The house-museum is a public museum since 1907 till present

After obtaining the royal recognition as a charitable trust in 1907, the Municipality and the Board of Directors, (chaired by the founder’s grandchild lawyer Francesco Borgogna and led by his friend Vincenzo Laviny), decided to open to the public the ground floor of the museum “Geometra Francesco Borgogna” in October 1908. In front of the museum is the bronze bust of Antonio Borgogna, made in 1910 by the Vercelli sculptor Francesco Porzio.

For a larger and more secure layout of the collections, more space was needed so the building was expanded between 1912 and 1915. In the garden area, engineer Giuseppe Leblis built a large section according to the systematic description of objects in the museum. This section, adjoining the two lower wings of the building, is a large living room, double height, no windows, coffered ceiling and toplighting.

The new section was implemented in May 1915 and, thanks to that, it was possible to create a new layout and leave more space between the works of art displayed in the rooms. They also thought a new arrangement would have increased the number of visitors to the museum. No changes were made to the set-up of some rooms (e.g. the Arab room and the library), while sculptures and bronzes were grouped together.

In 1932, the project of a second expansion of the museum was commissioned to engineer Giuseppe Leblis who also designed a new facade that unfortunately was never added. In the same year, the museum was led by Vittorio Viale (1891-1977), famous archeologist and museographer, born in Trino vercellese, who will be appointed as director of the Museum of Turin. He reassembled the painting collection based on the new museological and museographic criteria. The Borgogna Museum became city art gallery to house paintings and wall paintings that had been stored for long periods of time. Those were mainly artworks from the collection of great value of local art at the Vercelli Institute of Fine Arts and from churches in the city.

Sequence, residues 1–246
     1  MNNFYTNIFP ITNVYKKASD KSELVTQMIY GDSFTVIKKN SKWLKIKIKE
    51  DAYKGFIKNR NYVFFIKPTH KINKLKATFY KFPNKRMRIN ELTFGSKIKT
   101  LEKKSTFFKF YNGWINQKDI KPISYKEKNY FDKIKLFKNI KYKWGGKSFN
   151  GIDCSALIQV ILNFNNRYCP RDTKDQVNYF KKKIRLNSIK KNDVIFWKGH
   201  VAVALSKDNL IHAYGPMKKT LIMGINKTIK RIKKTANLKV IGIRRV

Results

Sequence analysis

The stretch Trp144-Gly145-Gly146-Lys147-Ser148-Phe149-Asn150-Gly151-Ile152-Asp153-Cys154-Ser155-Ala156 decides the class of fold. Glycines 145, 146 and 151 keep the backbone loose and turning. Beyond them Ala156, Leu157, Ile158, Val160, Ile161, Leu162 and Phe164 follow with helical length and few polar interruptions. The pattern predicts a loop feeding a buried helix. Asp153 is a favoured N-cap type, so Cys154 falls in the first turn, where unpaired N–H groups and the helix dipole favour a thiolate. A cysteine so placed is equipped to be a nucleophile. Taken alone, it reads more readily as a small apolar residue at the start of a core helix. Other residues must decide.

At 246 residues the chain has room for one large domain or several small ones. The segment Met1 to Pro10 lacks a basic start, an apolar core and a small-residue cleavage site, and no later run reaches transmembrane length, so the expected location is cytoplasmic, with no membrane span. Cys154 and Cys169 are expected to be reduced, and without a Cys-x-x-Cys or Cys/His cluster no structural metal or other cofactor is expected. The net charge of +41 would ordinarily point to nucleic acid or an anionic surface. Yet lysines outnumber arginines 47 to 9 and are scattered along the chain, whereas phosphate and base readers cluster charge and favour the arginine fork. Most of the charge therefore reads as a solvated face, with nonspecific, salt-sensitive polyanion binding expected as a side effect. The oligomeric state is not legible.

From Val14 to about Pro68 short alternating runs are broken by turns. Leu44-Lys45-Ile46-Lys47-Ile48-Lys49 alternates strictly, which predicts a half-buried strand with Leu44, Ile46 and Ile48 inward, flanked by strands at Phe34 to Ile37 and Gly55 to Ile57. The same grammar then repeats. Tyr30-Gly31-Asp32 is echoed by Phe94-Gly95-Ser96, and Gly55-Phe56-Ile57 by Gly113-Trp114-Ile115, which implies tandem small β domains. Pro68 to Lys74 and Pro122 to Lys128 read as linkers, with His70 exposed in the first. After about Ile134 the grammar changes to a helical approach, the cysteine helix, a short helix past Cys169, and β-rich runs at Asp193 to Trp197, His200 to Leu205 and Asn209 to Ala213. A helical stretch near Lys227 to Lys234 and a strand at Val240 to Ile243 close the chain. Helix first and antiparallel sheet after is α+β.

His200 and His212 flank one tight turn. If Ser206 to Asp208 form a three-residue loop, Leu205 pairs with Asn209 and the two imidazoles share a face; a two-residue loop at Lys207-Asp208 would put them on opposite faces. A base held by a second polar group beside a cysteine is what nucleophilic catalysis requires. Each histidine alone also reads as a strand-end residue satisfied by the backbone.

Old paintings and works from the nineteenth century of the original collection are still displayed while furniture, sculptures, bronzes, decorative art objects, nineteenth century paintings were stored or transferred to the Leone Museum.

For security reasons, the museum was dismantled during the Second World War and neglected in the postwar period. It was mainly used as a venue for important exhibitions like the one on the works by Ferdinando Rossaro in 1946, the works by Sodoma in 1950, the nineteenth century painting collections of Biella in 1952, the works by Gaudenzio Ferrari in 1956 and the works by Ambrogio Alciati in 1961.

In the early 1960s, a new set up of the museum is proposed by the new President, Lawyer Francesco Ferraris, and according to the scientific management of the Authority for the Artistic and Historic Heritage of Piedmont. On the ground floor are works of local art while on the first floor are displayed Flemish and Dutch paintings as well as Italian and foreign paintings dating back to the 19th century.

In 1985, the second floor of the building was reassembled and reopened to the public to display a selection of furniture, objects and decorative art works from the Antonio Borgogna’s house-museum. Several works of art, like paintings and sculptures of both private and public institutions, were displayed and safeguarded at the Borgogna Museum.


Starting in 2000, significant restorations were made to artworks and room decorations in anticipation of the celebration, in October 2008, for the first centenary of the opening of the museum to the public.
Works, that were stored both inside the Museum and in other institutions, are accurately classified and added to some of the rooms of the house-museum and to the whole exhibition tour. At the same time, works were carried out in terms of compliance of installations and safety standards.

In 2011 the Borgogna Museum obtained the regional recognition and certification of quality standards.